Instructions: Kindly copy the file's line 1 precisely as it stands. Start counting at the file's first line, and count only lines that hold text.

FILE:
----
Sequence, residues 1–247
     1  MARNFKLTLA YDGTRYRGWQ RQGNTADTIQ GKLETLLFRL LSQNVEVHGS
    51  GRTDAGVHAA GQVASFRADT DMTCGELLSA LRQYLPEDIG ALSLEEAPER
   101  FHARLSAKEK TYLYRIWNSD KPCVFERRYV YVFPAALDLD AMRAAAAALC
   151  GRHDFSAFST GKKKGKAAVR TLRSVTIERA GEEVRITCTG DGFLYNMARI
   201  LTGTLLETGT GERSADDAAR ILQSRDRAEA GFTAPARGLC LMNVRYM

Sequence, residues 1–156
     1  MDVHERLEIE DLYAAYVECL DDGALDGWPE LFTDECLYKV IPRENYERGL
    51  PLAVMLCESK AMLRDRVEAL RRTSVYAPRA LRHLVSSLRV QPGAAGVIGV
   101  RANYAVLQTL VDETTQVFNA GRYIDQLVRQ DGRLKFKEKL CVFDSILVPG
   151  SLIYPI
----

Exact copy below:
Sequence, residues 1–247